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Link to view our publication in Imagine Magazine:

http://cty.jhu.edu/imagine/PDFs/project_jatropha.pdf

Earth Island Journal 

Oprah's Angel Network 

Member Stories June 2009

Seeds of Change

By Adarsha Shivakumar

    I am the executive director and co-founder of Project Jatropha, an environmentally friendly and economically viable project that aims to simultaneously save the environment and boost the rural Indian economy.

    Our vision is to promote the plant Jatropha curcas as an ecologically friendly and economically sustainable source of biofuel in rural India. There, poor farmers cultivate tobacco as a cash crop. This has forced them to buy firewood illegally harvested from nearby forests.

    Project Jatropha combats both poverty and environmental degradation using Jatropha curcas, a small perennial shrub with oil-rich seeds. It can grow on marginal lands with fewer agronomic inputs, without diverting valuable land from food grain production.

    Jatropha biofuel has a ready, large global market, due to negligible emissions and a small carbon footprint. Our project starts as a grassroots level international collaboration between Parivarthana, an NGO that helps farmers, and Labland Biotechs, a plant biotechnology company. The beneficiaries are farmers.


Participants in the program in the Thipalapura village in southern India.

    With the help of Parivarthana and Labland Biotechs, we have distributed 13,000 quality Jatropha seedlings to more than 50 self-help group leaders from two villages. We have demonstrated the extraction of biofuel from jatropha seeds, distributed the oil among farmers and successfully run their irrigation pumps with it. Several self-help group leaders have been trained in the agronomics of jatropha at Labland Biotechs facility. We have successfully collaborated with the rural high schools to spread the word.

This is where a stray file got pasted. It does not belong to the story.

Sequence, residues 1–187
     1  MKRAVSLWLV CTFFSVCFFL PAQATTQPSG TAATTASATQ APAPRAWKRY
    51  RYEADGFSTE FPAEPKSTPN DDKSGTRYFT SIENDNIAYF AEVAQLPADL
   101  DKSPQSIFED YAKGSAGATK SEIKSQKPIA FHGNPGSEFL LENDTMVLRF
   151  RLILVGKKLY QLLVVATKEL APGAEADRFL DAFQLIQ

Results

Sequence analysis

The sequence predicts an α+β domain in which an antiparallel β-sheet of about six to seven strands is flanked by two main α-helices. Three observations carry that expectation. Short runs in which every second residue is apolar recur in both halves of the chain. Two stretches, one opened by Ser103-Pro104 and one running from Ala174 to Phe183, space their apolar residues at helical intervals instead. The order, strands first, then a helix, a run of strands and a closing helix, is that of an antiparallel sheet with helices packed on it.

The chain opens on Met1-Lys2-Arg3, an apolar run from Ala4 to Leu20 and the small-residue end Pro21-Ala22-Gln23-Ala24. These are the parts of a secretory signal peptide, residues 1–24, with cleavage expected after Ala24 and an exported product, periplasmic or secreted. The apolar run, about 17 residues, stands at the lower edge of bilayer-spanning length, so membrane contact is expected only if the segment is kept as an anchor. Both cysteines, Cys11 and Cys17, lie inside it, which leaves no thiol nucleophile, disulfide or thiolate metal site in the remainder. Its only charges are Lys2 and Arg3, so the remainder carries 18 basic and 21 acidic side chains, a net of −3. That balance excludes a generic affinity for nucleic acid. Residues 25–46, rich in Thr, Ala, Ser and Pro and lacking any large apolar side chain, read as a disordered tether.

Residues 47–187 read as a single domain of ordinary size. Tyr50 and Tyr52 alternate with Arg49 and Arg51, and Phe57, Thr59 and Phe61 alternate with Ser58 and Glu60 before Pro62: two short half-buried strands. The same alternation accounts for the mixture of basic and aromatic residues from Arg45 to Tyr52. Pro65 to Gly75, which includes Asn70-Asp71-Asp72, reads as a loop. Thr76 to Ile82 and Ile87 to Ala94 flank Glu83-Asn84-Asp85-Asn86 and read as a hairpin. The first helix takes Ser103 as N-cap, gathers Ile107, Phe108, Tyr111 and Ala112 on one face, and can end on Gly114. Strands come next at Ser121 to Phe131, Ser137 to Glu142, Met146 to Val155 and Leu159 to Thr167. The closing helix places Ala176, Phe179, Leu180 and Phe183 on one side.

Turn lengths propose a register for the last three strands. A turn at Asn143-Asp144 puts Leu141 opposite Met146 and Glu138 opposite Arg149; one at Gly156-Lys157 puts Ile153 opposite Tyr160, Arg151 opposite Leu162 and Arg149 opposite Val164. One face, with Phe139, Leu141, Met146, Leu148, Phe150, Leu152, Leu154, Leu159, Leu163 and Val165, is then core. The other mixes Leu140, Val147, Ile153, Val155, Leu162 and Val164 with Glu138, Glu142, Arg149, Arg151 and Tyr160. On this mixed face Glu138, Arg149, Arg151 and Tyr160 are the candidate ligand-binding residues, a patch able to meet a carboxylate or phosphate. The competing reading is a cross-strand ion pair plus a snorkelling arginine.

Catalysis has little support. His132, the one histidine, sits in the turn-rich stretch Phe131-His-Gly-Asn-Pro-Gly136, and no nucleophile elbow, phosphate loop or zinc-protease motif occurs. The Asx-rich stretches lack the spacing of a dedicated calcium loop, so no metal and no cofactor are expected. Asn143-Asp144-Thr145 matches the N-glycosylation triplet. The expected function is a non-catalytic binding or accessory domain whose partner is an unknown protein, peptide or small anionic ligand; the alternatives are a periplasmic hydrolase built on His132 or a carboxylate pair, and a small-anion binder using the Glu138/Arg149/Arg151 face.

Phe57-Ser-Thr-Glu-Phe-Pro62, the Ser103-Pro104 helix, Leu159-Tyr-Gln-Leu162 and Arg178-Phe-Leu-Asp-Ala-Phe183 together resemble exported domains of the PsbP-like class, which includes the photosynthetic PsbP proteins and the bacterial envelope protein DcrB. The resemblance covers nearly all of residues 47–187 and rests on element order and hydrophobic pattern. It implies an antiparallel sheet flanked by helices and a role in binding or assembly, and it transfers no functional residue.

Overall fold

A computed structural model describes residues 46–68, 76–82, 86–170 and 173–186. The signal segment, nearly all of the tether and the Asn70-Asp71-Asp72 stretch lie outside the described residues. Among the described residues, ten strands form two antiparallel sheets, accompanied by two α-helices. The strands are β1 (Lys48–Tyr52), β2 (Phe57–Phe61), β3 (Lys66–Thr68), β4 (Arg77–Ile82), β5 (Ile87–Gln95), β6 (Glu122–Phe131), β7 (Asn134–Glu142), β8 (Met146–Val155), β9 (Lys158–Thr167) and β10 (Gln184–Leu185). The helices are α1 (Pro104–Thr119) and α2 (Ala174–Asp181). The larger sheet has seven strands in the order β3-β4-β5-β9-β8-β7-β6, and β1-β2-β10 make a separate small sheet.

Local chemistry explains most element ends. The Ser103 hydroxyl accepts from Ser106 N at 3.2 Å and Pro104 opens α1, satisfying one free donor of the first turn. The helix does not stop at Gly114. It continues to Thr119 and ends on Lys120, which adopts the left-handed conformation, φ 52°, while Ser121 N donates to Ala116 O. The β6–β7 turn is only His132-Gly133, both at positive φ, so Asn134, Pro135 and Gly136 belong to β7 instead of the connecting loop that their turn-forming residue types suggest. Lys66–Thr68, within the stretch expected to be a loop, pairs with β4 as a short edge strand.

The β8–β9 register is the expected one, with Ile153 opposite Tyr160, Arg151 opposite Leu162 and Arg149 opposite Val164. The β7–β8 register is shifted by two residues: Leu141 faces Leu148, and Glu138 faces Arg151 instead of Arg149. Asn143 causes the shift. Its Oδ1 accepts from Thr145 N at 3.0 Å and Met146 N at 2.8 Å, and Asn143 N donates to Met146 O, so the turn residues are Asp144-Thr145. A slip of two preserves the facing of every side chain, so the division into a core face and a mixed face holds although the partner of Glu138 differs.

Furthermore, we have made a commitment to buy back the seeds from the participating farmers and produce biofuel in Labland Biotechs. We plan to sell the fuel to the local Road Transport Corporation and use the profits to promote our project and spread the message. Carbon dioxide emissions are local, but their effects are global. Though this project is located in India, it is hoped that it will spearhead a movement that will eventually mitigate global warming from CO2 emission and decrease the dependence on fossil fuels.


The College Preparatory Scool

Prep Times
Spring 2009


Project Jatropha
Addressing poverty and the environment in rural India

Apoorva Rangan '12, Callie Roberts '11, and Adarsha Shivakumar '11


In rural south India, farmers endure extreme poverty, locked into a destructive system, of tobacco cultivation, which is currently the sole revenue-generating crop. Tobacco cultivation is highly detrimental to the landscape—the raw tobacco leaves are processed in barns using firewood, forcing villagers to cut down trees within the Nagarahole National Park, which is a wild animal sanctuary. Not only does this result in the destruction of regional biodiversity, but human-animal conflicts have also become a serious problem.

This environmental destruction motivated us to create Project Jatropha, an ecologically-based and economically viable project that aims to combat environmental destruction and poverty through the use of the Jatropha Curcas plant, a sustainable source of bio-fuel and an ecologically-friendly replacement to tobacco growing. We are working to enable rural farmers to grow Jatropha either as a hedge plant or as intercrop on a scale that would be economically feasible. The project we have undertaken starts at the grassroots level. Project Jatropha has two collaborators: Parivarthana, a non-governmental organization that assists farmers, and Labland Biotech, a plant biotechnology company that grows various species, including Jatropha Curcas. The beneficiaries are rural farmers and women's self help group.